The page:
Then I remember not.
And if forgetting, recollecting,
How near I had forgot.
And if to miss, were merry,
And to mourn, were gay,
How very blithe the fingers
That gathered this, Today!

34

Garland for Queens, may be --
Laurels -- for rare degree
Of soul or sword.
Ah -- but remembering me --
Ah -- but remembering thee --
Nature in chivalry --
Nature in charity --
Nature in equity --
This Rose ordained!

35

Nobody knows this little Rose --
It might a pilgrim be
Did I not take it from the ways
And lift it up to thee.
Only a Bee will miss it --
Only a Butterfly,
Hastening from far journey --
On its breast to lie --
Only a Bird will wonder --
Only a Breeze will sigh --
Ah Little Rose -- how easy
For such as thee to die!

36

Snow flakes.
I counted till they danced so
Their slippers leaped the town,
And then I took a pencil
To note the rebels down.
And then they grew so jolly
I did resign the prig,
And ten of my once stately toes
Are marshalled for a jig!

37

Before the ice is in the pools --
Before the skaters go,
Or any check at nightfall
Is tarnished by the snow --
Before the fields have finished,
Before the Christmas tree,
Wonder upon wonder
Will arrive to me!
What we touch the hems of
On a summer's day --
What is only walking
Just a bridge away --
That which sings so -- speaks so --
When there's no one here --
Will the frock I wept in
Answer me to wear?

38

By such and such an offering
To Mr. So and So,
The web of live woven --
So martyrs albums show!

39

It did not surprise me --
So I said -- or thought --
She will stir her pinions
And the nest forgot,
Traverse broader forests --
Build in gayer boughs,
Breathe in Ear more modern
God's old fashioned vows --
This was but a Birdling --
What and if it be
One within my bosom
Had departed me?
This was but a story --
What and if indeed
There were just such coffin
In the heart instead?

40

When I count the seeds
That are sown beneath,
To bloom so, bye and bye --
When I con the people
Lain so low,
To be received as high --
When I believe the garden
Mortal shall not see --
Pick by faith its blossom
And avoid its Bee,
I can spare this summer, unreluctantly.

41

I robbed the Woods --
The trusting Woods.
The unsuspecting Trees
Brought out their Burs and mosses
My fantasy to please.
I scanned their trinkets curious -- I grasped -- I bore away --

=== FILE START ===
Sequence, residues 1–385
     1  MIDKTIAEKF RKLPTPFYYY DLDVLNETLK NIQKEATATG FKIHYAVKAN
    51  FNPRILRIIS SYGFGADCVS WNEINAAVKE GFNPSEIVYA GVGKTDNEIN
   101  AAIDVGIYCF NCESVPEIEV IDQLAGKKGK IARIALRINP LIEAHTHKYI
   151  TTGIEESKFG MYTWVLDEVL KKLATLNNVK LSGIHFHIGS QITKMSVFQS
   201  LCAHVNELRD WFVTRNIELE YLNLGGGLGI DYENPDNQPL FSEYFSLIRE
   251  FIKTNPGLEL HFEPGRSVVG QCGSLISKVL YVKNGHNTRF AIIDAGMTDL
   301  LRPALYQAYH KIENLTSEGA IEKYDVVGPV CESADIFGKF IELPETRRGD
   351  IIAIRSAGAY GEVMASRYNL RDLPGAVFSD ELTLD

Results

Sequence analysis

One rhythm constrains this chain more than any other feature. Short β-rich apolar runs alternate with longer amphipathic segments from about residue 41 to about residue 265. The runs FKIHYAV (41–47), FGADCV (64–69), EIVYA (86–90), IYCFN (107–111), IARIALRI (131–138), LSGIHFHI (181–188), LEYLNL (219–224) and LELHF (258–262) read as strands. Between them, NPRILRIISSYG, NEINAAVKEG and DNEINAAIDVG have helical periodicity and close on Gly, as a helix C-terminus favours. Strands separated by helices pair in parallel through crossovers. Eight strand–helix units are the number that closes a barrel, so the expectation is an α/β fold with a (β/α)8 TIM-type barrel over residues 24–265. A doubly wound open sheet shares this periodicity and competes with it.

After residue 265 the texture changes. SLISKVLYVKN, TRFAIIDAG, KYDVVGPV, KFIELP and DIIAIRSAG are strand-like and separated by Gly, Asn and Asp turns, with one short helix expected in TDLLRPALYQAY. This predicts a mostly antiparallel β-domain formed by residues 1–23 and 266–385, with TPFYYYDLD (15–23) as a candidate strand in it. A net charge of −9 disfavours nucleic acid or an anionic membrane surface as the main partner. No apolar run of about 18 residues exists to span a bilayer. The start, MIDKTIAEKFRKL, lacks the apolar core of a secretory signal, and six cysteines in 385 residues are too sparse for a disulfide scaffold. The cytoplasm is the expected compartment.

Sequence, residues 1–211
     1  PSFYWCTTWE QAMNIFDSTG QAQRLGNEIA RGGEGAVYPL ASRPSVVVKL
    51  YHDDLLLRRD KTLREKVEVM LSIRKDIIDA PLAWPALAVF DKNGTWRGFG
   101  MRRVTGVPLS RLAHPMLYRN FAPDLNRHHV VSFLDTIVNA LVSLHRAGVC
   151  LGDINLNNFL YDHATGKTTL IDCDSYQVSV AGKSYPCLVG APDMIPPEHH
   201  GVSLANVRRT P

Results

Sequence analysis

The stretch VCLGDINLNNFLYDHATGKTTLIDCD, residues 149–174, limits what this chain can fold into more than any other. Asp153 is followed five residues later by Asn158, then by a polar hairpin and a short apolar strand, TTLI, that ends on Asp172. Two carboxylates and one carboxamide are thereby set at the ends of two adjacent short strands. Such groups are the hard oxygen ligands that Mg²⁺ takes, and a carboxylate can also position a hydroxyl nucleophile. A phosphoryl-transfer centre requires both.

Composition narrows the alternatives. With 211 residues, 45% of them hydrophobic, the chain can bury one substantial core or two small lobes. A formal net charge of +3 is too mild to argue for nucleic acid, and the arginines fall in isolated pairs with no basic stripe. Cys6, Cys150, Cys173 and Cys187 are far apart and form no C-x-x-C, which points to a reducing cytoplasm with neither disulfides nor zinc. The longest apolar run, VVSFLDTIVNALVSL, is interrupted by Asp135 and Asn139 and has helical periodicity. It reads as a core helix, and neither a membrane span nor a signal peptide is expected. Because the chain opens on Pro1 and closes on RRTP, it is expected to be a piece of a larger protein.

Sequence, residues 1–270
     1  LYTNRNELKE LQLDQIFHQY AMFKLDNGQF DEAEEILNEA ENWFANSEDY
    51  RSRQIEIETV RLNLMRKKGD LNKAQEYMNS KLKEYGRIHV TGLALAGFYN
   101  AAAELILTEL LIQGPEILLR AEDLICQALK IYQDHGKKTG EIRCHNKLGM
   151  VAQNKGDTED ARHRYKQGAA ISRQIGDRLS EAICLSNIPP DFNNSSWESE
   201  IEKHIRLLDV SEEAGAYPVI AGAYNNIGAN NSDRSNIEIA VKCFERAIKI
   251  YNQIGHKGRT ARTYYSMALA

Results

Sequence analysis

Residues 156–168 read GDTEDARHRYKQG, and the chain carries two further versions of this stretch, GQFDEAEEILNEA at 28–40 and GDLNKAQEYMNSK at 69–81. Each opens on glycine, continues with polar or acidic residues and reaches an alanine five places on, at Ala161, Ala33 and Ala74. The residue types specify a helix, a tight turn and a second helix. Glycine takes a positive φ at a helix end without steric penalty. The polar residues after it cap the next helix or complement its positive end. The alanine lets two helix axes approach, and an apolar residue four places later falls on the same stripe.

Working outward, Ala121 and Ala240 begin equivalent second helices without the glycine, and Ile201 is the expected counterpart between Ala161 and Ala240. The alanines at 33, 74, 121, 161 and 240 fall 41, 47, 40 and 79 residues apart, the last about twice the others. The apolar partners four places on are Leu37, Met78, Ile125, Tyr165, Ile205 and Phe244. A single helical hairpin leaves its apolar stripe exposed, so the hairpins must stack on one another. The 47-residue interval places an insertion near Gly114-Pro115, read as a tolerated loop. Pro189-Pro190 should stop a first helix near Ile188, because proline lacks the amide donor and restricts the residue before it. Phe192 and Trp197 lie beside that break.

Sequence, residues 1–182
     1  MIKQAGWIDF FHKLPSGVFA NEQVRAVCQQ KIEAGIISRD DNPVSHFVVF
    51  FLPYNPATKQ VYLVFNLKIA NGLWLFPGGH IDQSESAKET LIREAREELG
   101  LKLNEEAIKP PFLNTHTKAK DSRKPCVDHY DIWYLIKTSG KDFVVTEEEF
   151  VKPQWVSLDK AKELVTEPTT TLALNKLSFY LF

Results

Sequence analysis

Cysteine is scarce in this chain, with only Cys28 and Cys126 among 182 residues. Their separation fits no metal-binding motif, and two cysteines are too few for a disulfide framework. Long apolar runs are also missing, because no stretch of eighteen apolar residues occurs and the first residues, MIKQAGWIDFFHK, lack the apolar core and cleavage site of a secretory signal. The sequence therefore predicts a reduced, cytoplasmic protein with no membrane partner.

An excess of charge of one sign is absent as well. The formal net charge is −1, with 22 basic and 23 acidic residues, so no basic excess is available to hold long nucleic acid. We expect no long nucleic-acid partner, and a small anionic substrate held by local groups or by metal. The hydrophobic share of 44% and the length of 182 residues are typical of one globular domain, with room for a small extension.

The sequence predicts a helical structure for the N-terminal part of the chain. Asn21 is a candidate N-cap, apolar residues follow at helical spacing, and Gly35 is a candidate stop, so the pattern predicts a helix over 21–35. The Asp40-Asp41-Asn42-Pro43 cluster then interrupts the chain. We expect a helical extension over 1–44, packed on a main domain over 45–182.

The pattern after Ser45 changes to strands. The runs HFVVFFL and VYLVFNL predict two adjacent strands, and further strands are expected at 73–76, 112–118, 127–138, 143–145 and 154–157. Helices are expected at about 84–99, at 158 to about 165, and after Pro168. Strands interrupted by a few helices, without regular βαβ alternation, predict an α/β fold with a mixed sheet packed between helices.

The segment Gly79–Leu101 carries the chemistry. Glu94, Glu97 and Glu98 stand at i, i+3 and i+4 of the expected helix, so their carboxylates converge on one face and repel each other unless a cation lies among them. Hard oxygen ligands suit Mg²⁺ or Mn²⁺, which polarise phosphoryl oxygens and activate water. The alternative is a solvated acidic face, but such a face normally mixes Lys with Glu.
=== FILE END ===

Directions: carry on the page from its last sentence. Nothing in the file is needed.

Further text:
What will the solemn Hemlock --
What will the Oak tree say?

42

A Day! Help! Help! Another Day!
Your prayers, oh Passer by!
From such a common ball as this
Might date a Victory!
From marshallings as simple
The flags of nations swang.
Steady -- my soul: What issues
Upon thine arrow hang!

43

Could live -- did live --
Could die -- did die --
Could smile upon the whole
Through faith in one he met not,
To introduce his soul.
Could go from scene familiar
To an untraversed spot --
Could contemplate the journey
With unpuzzled heart --
Such trust had one among us,
Among us not today --
We who saw the launching
Never sailed the Bay!

44

If she had been the Mistletoe
And I had been the Rose --
How gay upon your table
My velvet life to close --
Since I am of the Druid,
And she is of the dew --
I'll deck Tradition's buttonhole --
And send the Rose to you.

45

There's something quieter than sleep
Within this inner room!
It wears a sprig upon its breast --
And will not tell its name.
Some touch it, and some kiss it --
Some chafe its idle hand --
It has a simple gravity
I do not understand!
I would not weep if I were they --
How rude in one to sob!
Might scare the quiet fairy
Back to her native wood!
While simple-hearted neighbors
Chat of the "Early dead" --
We -- prone to periphrasis
Remark that Birds have fled!

46

I keep my pledge.
I was not called --
Death did not notice me.
I bring my Rose.
I plight again,
By every sainted Bee --
By Daisy called from hillside --
by Bobolink from lane.
Blossom and I --
Her oath, and mine --
Will surely come again.

47

Heart! We will forget him!
You and I -- tonight!
You may forget the warmth he gave --
I will forget the light!
When you have done, pray tell me
That I may straight begin!
Haste! lest while you're lagging
I remember him!

48

Once more, my now bewildered Dove
Bestirs her puzzled wings
Once more her mistress, on the deep
Her troubled question flings --
Thrice to the floating casement
The Patriarch's bird returned,
Courage! My brave Columbia!
There may yet be land

49

I never lost as much but twice,
And that was in the sod.
Twice have I stood a beggar
Before the door of God!
Angels -- twice descending
Reimbursed my store --
Burglar! Banker -- Father!
I am poor once more!

50

I haven't told my garden yet --
Lest that should conquer me.
I haven't quite the strength now
To break it to the Bee --